Improving Digital Health Literacy with Human Help
In-person support is vital to helping older adults improve their digital health literacy. Read how Papa Pal Brian supports his members’ tech needs.
Digital health literacy has never been more vital than it is now. Technology can be a tool for better health, but only if members have access to it and are able to engage with it.
The World Health Organization defines digital health literacy (DHL) as ‘‘the ability to seek, find, understand, and appraise health information from electronic sources and apply the knowledge gained to addressing or solving a health problem.”
Some examples include the ability to:
- Look up reliable health information online
- Access personal health records online
- Communicate electronically with a healthcare team
- Download and use video conferencing software for telehealth appointments
- Use health and wellness apps
Improving digital health literacy and achieving telehealth equity is critical in order to increase access to care, improve health outcomes, and reduce health disparities. That’s why the Centers for Medicare and Medicaid Services has established health equity requirements that will require Medicare Advantage health plans to show innovative solutions that drive digital health literacy and data related to their programs.
Human connection is crucial for success
Papa has long supported members with technology assistance. In fact, 15% of members request this type of support when they enroll with Papa, and since January 2022, our vetted and compassionate Papa Pals have successfully completed more than 54,000 technology visits with our Medicare Advantage members.
Older adults often face unique challenges when it comes to embracing technology, such as unfamiliarity with digital devices, anxiety about making mistakes, and a need for personalized assistance.
The solution is hands-on support from people they trust, as 73% of older adults say they need someone to help them set up and use new devices, and trust is cited as a top barrier to telehealth adoption and satisfaction.
Our Papa Pals not only provide a patient and understanding presence, but also allow for in-person demonstrations and immediate problem-solving, making the learning process smoother and more enjoyable. Let’s meet one of those patient and understanding Papa Pals.
Papa Pal Brian helps his members navigate the digital world
With a heart full of compassion and a skillset rooted in both social work and technology, Brian is a natural at helping Papa members with all things technology.
On his first visit as a Papa Pal, the member needed help setting up his wireless printer and phone to the wifi. This was a simple task for Brian, but it meant the world to the member.
As Brian started accepting more tech-related visits, he quickly realized how overwhelming technology can be, especially for individuals dealing with impairments or health concerns. One of his regular members has had three heart attacks, and by lending a helping hand with seemingly simple tasks, such as facial unlocking, password management, and device syncing, Brian is alleviating some of her burdens. In fact, he even went above and beyond by transforming one of her extra 30" TVs into a computer monitor, making reading easier when she doesn't have her glasses. These small, yet impactful gestures make a huge difference in this member's day-to-day life.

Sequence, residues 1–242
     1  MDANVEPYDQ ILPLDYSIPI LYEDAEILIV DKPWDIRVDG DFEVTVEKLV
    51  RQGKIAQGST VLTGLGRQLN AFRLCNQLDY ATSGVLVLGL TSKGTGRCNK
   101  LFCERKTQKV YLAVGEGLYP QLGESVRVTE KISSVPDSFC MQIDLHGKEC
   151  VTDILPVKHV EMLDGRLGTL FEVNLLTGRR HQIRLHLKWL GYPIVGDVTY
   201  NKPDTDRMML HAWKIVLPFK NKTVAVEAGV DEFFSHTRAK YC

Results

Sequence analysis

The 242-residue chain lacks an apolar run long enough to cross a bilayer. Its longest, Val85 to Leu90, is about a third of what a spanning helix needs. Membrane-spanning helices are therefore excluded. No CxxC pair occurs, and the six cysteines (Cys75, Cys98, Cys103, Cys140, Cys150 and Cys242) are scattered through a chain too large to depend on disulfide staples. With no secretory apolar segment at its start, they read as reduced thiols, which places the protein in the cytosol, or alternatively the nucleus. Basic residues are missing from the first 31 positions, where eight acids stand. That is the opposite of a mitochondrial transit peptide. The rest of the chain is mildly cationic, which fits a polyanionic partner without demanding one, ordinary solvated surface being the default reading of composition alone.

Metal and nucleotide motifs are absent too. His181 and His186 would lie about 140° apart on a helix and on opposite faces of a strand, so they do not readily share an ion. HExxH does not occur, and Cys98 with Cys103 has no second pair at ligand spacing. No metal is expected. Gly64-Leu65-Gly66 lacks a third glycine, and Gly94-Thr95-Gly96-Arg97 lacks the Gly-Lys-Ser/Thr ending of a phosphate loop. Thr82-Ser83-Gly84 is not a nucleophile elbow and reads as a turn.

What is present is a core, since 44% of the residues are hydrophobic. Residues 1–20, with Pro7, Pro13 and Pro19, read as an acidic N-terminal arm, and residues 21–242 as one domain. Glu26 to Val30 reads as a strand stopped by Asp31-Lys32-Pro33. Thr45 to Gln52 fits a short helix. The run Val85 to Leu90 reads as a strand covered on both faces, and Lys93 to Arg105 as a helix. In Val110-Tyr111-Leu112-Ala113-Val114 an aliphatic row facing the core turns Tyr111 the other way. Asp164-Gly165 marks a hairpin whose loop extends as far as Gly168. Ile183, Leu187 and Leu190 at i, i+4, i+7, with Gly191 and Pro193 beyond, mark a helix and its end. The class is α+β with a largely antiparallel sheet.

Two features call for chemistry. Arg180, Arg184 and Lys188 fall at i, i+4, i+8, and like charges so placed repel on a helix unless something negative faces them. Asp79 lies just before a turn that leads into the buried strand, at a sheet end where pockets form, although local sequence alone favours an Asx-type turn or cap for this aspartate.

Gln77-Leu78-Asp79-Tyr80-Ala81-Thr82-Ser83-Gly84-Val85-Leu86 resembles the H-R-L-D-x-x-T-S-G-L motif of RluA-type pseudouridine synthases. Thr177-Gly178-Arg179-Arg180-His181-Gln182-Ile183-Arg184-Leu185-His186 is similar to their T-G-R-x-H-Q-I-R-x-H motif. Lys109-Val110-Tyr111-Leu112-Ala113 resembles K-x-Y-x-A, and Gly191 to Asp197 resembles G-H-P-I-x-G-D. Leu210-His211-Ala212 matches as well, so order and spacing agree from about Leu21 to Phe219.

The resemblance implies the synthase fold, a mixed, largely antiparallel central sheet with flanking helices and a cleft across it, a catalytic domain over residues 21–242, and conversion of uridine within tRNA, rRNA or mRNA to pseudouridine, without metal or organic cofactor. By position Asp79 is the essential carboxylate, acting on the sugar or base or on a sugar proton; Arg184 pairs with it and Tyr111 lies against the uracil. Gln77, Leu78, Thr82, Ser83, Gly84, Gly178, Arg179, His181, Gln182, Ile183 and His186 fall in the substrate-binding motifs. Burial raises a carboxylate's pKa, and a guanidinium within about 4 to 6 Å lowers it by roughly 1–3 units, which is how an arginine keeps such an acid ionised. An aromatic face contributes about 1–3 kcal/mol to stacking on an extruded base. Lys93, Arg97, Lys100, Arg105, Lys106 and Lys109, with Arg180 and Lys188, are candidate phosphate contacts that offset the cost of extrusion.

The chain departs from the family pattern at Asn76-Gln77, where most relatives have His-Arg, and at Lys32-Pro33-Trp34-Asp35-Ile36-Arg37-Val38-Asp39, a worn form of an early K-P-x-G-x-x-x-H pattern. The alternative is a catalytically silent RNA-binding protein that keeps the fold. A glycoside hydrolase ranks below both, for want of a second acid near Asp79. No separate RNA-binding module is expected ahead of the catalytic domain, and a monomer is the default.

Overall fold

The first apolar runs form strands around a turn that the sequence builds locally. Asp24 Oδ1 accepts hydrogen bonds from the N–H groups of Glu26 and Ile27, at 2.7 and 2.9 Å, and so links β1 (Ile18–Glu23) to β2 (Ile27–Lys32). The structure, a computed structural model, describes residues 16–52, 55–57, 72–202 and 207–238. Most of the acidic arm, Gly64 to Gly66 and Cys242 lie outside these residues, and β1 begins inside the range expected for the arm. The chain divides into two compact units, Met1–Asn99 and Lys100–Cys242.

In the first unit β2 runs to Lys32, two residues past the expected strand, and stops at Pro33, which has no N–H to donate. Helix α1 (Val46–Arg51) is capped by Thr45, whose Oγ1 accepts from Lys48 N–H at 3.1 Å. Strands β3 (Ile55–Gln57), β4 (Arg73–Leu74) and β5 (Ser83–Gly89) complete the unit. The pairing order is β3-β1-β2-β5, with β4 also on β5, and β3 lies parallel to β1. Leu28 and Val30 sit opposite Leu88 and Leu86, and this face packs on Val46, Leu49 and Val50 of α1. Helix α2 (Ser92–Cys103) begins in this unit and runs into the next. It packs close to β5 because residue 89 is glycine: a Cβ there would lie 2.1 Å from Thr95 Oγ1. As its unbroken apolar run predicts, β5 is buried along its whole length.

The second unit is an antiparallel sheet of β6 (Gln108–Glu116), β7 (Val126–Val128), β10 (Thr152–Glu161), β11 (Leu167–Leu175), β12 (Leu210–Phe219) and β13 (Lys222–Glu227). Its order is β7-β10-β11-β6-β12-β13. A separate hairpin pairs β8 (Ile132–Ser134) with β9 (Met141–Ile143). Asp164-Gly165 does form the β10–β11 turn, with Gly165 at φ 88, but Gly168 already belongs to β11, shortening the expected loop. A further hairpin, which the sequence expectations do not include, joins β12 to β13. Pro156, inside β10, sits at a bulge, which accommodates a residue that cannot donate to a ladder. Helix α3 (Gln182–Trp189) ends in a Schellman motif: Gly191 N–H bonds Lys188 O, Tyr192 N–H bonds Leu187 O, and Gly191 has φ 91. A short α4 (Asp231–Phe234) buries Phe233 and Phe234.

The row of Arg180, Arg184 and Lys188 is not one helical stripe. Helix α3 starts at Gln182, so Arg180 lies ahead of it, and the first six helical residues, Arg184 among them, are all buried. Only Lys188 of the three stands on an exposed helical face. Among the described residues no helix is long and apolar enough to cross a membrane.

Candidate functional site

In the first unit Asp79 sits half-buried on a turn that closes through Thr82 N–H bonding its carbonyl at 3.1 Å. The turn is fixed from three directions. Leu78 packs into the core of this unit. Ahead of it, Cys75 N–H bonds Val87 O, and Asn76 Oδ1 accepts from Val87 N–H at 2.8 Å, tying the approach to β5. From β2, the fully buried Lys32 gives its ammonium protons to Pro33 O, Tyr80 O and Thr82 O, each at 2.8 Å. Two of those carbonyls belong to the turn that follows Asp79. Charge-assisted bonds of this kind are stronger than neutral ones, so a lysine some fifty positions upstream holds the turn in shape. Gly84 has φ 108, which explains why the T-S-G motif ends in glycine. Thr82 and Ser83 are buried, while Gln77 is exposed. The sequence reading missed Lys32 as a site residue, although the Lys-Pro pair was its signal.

By being present in his members' homes, Brian is not just a tech problem-solver, but an educator. One particular experience involved a member who fell victim to a redirect link scam, thinking he had a virus. Brian swiftly stepped in, showing him scam-busting videos and highlighting common practices used by hackers, warning him that these scammers target older adults and often get away with it. In fact, tech support scams resulted in 13,900 victims, more than any other type of elder fraud.
But Papa Pals don’t need a tech background to help members with their technology needs or DHL. We make it easy by providing details like information on health plan portals or telehealth services right in the Papa Pal app. And Pals are always able to view visit tasks before accepting a visit so they have the power to choose what’s right for them.
We can all help promote digital health literacy
Many of us have older adults in our lives who could use our help with technology. Maybe you help your parents sync their calendars or access a shared grocery list from their phones. Or maybe you teach your grandmother how to tag her friends on Facebook.
As far as digital health literacy is concerned, you might help an older adult in your life download video conferencing software for telehealth appointments or show them how to use health and wellness apps. As health plans increasingly look to offer education to members with low digital health literacy, the role that in-person support plays cannot be overstated. Human connection is a powerful tool.
Let's continue to bridge the digital divide by providing the support and guidance that older adults need to stay connected with the world around them—in whatever way works best for them. Learn more at our new Digital Health Literacy site.
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